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Slide Show: Defending 'Roe v. Wade' in 2011 | The Nation

Slide Show: Defending 'Roe v. Wade' in 2011

  • Norma McCorvey, aka Jane Roe, left, and her attorney Gloria Allred outside the Supreme Court (1 of 10)

    On January 22nd, 1973, 38 years ago this week, the Supreme Court handed down the landmark Roe vs. Wade case, establishing a woman's right to seek an abortion under the Constitution's privacy protections. At the time of the court’s verdict, The Nation’s editors wrote that the women known in the case as Jane Roe and Mary Doe “and the seven Justices who voted in their favor, have performed a service of incalculable importance for American womanhood.”

     

    But in the nearly four decades since the decision, the antichoice movement has mounted ever-more successful attacks on women’s access to reproductive healthcare. In 2010, 15 states enacted 39 new abortion laws, the overwhelming majority of which limit access to reproductive care. And with Congress’s rightward swing in last year’s midterm elections, progressives will have to fight back even harder against conservatives’ restrictive legislative attempts. Here are a few of the forms these attacks will take in 2011.

     

    Credit: AP Images

  • The Capitol building, Washington, DC (2 of 10)

    The 2010 midterms brought a number of new antichoice politicians to Washington. Though Tea Party radicals such as Christine O’Donnell (who opposed abortion even in cases of rape or incest) and Sharron Angle (who said that victims of rape and incest should keep their abusers’ children, because “God has a plan” for them) failed to sway voters with their extreme rhetoric, plenty of other antichoicers succeeded.

     

    Overall, the new House includes 42 more antichoice congresspersons and 26 fewer prochoice allies than the previous session, and we now have 6 more antichoice senators in Washington. Some of those members of Congress are pretty out there: for example, Kentucky’s new Senator, Rand Paul, supports adding a restrictive Human Life Amendment to the Constitution, and Representative Quico Canseco (R-TX) has said that victims of rape should carry their pregnancy to term, because “It is not a child’s fault that the mother didn’t love the father, that the father didn’t love the mother, or that the child was born out of a violent thing.”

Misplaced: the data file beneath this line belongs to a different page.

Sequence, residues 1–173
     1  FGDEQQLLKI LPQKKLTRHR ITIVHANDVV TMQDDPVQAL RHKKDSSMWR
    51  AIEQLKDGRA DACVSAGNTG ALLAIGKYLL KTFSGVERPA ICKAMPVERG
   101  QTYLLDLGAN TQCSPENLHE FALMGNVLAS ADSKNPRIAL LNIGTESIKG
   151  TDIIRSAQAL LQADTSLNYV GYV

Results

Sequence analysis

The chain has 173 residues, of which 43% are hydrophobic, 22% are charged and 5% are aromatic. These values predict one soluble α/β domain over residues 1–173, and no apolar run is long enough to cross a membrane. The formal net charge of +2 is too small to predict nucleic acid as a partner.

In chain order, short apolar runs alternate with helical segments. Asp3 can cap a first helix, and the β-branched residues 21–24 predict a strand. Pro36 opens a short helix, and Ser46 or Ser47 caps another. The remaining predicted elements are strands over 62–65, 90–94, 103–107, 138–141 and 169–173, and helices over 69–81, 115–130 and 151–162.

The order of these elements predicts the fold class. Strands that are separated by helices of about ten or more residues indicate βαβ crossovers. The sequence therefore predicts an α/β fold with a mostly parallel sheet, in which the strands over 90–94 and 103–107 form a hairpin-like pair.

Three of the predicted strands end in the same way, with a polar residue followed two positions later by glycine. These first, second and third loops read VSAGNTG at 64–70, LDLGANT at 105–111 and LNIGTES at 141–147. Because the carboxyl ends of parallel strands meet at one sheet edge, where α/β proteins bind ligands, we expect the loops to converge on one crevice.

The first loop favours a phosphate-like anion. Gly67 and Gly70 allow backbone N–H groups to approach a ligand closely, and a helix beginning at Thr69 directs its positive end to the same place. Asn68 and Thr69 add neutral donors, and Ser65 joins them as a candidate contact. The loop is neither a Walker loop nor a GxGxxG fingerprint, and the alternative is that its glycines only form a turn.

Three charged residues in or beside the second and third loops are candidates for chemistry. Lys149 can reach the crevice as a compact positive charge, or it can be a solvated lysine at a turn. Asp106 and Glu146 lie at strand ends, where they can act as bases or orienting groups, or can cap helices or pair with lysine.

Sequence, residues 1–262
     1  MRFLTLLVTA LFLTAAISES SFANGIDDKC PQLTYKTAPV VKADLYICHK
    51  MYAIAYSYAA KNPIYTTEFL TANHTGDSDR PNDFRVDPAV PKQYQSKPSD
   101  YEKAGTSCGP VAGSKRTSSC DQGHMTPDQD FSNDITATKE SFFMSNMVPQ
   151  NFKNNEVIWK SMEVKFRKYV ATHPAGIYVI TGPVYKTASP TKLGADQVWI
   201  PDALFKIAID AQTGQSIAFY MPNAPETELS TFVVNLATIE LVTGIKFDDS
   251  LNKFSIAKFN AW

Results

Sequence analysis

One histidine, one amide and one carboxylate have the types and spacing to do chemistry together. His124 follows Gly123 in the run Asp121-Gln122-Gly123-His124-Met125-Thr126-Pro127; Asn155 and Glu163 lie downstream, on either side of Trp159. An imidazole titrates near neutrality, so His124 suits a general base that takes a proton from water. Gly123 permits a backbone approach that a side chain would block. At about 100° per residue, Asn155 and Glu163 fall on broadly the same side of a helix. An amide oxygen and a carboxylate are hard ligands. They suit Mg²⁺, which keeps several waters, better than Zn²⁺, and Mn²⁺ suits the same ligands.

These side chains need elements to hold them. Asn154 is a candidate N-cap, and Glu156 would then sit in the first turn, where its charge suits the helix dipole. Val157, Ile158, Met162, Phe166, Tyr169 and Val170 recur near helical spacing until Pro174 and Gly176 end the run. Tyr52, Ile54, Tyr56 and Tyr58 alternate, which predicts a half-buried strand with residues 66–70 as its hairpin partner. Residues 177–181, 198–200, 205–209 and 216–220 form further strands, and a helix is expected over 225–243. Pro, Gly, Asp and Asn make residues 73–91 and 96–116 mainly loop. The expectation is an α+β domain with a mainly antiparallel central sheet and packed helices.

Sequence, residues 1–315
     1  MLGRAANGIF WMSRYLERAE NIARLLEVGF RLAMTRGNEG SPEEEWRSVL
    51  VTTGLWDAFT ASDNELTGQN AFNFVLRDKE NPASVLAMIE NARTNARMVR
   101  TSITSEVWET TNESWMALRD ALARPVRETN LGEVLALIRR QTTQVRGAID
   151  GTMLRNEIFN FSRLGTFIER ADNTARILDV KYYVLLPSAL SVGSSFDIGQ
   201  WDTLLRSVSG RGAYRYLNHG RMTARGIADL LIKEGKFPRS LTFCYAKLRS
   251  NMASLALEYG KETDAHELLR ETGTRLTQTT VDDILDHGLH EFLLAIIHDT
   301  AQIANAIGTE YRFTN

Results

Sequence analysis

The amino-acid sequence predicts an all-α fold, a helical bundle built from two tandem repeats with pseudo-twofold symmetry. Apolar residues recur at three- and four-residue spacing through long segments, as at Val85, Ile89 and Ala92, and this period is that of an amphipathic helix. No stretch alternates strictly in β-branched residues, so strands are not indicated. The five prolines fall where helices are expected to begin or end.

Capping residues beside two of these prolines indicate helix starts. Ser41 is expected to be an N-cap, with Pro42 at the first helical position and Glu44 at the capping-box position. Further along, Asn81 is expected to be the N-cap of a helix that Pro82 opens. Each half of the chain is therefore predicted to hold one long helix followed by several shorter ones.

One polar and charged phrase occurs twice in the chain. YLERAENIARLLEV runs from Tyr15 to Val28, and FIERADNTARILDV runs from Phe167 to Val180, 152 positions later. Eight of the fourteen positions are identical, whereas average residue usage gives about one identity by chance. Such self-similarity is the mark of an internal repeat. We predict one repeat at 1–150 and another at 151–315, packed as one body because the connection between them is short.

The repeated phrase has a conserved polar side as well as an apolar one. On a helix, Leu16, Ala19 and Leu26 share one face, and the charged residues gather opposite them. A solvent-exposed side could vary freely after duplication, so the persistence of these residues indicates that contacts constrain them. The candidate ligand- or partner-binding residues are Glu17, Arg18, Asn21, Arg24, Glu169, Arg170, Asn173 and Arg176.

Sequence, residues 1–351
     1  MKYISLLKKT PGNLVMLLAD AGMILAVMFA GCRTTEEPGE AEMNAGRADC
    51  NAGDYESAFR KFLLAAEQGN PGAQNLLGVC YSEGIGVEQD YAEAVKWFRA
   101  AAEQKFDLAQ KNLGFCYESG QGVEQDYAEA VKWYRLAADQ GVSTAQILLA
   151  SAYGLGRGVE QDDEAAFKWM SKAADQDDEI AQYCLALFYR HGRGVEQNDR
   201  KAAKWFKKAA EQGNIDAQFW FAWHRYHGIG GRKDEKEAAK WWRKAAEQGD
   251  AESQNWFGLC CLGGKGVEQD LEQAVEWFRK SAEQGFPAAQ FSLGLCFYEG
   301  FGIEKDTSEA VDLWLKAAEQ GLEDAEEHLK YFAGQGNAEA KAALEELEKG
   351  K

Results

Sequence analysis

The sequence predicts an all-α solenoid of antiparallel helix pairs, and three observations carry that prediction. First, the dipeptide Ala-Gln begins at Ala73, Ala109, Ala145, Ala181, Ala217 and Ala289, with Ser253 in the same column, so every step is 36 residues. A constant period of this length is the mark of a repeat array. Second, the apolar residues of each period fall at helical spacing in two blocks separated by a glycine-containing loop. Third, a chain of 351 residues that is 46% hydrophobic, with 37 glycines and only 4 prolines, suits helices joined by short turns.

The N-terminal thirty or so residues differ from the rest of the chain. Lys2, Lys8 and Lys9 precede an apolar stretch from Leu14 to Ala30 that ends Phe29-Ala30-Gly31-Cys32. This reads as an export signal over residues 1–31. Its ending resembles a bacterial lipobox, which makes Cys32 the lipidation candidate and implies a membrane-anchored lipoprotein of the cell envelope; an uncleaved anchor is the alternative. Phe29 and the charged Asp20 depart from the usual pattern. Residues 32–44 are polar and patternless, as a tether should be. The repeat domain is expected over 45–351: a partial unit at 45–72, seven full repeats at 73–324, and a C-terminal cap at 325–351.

Credit: Reuters Pictures

  • Representative Mike Pence, R-IN (3 of 10)

    With their newfound strength in Congress, antichoice representatives are ready to unveil a number of harmful pieces of legislation. For starters, Mike Pence (R-IN) recently reintroduced a bill designed to deprive Planned Parenthood of federal money, which would essentially defund the country’s largest reproductive healthcare provider.

     

    Pence takes issue with the $363 million that Planned Parenthood received from the government last year through Title X funding, though since 1976 the Hyde Amendment has prevented any of that money providing funding for abortions. Pence’s bill already has over 120 cosponsors, and it’s likely to be the first in a series of attempts to cut funding for family planning programs across the country.

     

    Credit: AP Images

  • President Obama speaks at a press conference (4 of 10)

    In one reproductive health bright spot for 2011, the administration plans to announce this year whether birth control and other women’s health services will be considered preventive healthcare under the Affordable Care Act—and thus available without a co-pay to enrollees in health insurance plans. The public is behind the move: The Nation’s Sharon Lerner reports that wide majorities of registered voters favor greater access to birth control and disagree with cutting federal funding for preventive health services at Planned Parenthood health centers.

     

    But with Republicans looking for any reason to attack Obama’s healthcare reform, and with state family planning services on the budget chopping block, antichoicers are working to make the birth control discussion as divisive as the debate surrounding abortion. Including birth control under the preventive care umbrella “is such a no brainer,” says Planned Parenthood’s Cecile Richards, that prochoice advocates now have to “make sure Congress understands what a common-sense policy this would be.”

     

    Credit: Reuters Pictures

  • Representative Bart Stupak, D-MI (5 of 10)

    House and Senate antichoicers will also try to chip away at the limited but important abortion protections included in Obama’s healthcare reform law. Led by John Boehner—“the most pro-life Speaker ever”—House antichoicers voted Wednesday for repeal of the healthcare reform law, though the repeal effort has little chance of gaining much traction in the Senate.